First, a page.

Theresa May refuses to say she would back Brexit if there was another referendum
The Prime Minister said she would weigh up the evidence again.
Theresa May has refused to say she would back Brexit if the referendum on quitting the European Union was held now.
In a move likely to anger Tory Brexiteers, the Prime Minister, who backed Remain, repeatedly sidestepped questions over which camp she would be in.
During an appearance on LBC, Mrs May insisted she was being “open and honest” when she could not give an answer.
Asked if she had changed her mind about how to vote, she replied: “I don’t answer hypothetical questions.
“I voted Remain for good reasons at the time but circumstances move on.”
Mrs May was told Health Secretary Jeremy Hunt had switched from Remain to Leave because former Chancellor George Osborne’s gloomy economic predictions had failed to materialise.
Presenter Iain Dale said: “If he says he can change his mind I don’t quite understand why you can’t seeing as you are Prime Minister leading us into Brexit.”
“Yes and I’m Prime Minister ensuring I’m going to deliver Brexit for the British people,” she replied.
Pressed again, Mrs May said: “I could say I would still vote Remain or I would vote Leave just to give you an answer to that question.
“I am being open and honest with you. What I did last time round was I looked at everything and I came to a judgment and I would do exactly the same this time round.
“But we are not having another referendum and that’s absolutely crucial.”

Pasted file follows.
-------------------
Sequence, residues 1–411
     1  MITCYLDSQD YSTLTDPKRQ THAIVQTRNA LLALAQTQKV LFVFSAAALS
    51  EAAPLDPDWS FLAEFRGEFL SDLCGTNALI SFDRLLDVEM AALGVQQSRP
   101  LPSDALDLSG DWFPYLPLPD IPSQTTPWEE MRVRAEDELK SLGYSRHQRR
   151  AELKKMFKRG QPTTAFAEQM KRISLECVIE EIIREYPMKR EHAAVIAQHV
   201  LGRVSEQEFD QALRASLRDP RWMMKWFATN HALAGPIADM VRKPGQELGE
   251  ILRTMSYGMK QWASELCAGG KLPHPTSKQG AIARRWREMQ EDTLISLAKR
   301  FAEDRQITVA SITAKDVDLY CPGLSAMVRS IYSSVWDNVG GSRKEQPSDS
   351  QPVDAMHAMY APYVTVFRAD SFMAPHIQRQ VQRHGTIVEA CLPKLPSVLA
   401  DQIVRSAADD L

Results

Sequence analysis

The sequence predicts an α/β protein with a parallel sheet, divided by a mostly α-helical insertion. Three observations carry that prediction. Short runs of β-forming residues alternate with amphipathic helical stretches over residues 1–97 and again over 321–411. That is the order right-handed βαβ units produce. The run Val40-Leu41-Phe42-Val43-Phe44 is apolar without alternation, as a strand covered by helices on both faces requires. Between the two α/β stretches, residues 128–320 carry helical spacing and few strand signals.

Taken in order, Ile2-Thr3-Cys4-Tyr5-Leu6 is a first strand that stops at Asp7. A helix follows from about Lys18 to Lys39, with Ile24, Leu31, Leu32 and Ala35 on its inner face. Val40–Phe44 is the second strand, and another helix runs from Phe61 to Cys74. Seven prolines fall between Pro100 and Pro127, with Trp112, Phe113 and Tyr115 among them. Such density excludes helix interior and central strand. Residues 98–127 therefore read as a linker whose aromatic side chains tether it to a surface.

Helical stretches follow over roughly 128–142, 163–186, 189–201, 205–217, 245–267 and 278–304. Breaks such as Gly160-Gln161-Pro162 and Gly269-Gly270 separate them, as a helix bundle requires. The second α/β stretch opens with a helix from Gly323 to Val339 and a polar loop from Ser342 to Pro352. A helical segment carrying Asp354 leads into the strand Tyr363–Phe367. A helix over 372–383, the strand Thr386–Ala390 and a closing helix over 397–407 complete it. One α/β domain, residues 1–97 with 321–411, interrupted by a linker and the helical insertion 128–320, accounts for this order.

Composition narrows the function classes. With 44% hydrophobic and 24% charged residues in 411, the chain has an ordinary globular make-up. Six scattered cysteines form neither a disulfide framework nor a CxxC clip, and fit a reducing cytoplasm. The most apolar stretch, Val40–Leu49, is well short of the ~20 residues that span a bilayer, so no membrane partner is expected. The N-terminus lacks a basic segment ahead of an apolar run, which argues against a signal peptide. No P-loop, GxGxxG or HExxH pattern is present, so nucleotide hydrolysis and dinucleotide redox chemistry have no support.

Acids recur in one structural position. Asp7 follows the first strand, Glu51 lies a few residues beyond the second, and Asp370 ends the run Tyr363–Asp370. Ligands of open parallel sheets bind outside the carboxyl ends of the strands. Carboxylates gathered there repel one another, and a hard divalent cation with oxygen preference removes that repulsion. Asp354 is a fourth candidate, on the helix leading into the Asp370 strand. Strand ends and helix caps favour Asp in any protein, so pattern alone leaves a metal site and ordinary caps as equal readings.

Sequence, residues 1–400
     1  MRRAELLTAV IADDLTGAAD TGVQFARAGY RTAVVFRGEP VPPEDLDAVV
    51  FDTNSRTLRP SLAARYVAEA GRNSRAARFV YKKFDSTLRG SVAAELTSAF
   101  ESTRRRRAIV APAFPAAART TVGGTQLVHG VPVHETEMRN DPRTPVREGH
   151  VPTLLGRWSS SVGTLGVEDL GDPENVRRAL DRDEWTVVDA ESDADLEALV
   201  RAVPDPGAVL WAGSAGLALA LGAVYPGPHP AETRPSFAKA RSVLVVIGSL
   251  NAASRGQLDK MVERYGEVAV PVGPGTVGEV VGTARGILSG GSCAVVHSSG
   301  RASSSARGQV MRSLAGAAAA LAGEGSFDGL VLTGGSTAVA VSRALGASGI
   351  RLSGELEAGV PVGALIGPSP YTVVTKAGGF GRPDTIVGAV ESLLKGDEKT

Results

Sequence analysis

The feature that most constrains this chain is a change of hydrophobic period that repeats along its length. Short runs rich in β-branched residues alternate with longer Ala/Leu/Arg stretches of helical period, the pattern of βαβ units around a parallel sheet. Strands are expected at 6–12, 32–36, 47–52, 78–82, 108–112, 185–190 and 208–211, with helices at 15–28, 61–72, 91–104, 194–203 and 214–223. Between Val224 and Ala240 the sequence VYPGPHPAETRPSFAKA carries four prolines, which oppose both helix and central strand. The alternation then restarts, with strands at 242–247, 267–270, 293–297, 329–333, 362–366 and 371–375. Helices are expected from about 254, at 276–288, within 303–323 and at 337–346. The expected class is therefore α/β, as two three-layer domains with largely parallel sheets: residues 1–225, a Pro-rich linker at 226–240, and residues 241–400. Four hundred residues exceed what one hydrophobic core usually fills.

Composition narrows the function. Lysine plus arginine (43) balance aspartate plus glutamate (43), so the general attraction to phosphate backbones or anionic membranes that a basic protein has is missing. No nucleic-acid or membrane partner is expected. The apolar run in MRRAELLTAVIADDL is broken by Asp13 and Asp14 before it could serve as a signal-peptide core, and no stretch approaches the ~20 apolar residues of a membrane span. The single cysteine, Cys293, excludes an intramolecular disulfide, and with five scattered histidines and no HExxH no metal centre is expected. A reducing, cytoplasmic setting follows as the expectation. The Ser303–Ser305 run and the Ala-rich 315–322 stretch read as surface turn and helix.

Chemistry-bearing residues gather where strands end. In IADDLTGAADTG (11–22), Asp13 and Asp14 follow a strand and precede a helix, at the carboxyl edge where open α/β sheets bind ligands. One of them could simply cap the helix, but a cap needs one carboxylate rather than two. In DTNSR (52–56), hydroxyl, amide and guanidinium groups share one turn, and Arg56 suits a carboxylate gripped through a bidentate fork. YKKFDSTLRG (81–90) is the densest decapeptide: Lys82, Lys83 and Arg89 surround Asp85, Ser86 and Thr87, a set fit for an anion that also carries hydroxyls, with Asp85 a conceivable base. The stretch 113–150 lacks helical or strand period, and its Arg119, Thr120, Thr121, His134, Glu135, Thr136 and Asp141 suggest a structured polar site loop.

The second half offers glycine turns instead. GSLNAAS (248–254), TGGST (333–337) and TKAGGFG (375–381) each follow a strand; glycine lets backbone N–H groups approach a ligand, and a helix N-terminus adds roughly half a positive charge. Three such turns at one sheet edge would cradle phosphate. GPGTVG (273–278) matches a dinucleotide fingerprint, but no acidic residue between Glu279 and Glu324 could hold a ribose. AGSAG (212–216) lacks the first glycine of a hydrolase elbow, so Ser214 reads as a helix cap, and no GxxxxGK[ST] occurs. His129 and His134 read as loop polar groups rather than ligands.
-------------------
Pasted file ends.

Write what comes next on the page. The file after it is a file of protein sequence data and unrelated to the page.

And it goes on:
Exactly - the people should have the right to 'weigh up the evidence' when she has a deal on the table! https://t.co/feVk3VeC2f— Lib Dem Press Office (@LibDemPress) October 10, 2017
Liberal Democrat deputy leader Jo Swinson said: “It is staggering that even the Prime Minister isn’t convinced by the Government’s approach to Brexit.
“If Theresa May doesn’t have any faith in her own Government’s policies, why is she still driving this country towards the cliff edge?
“Theresa May says she would weigh up the evidence again, she shouldn’t deny that right to the British people.
“The public must have the chance to change their mind if they want to, once the Government comes back with a deal.”
Mrs May’s de facto deputy Damian Green suggested he would stick to his Remain vote from last year’s referendum but described the question put to the PM and him as “meaningless”.
The First Secretary of State told Channel 4 News: “Well, I was on the board of the Stronger In campaign so my views on Europe are well known and I don’t resile from anything I said during the election campaign.
“Of course, the fact is it’s a meaningless question because there’s not going to be a referendum tomorrow, so it’s a purely hypothetical question.”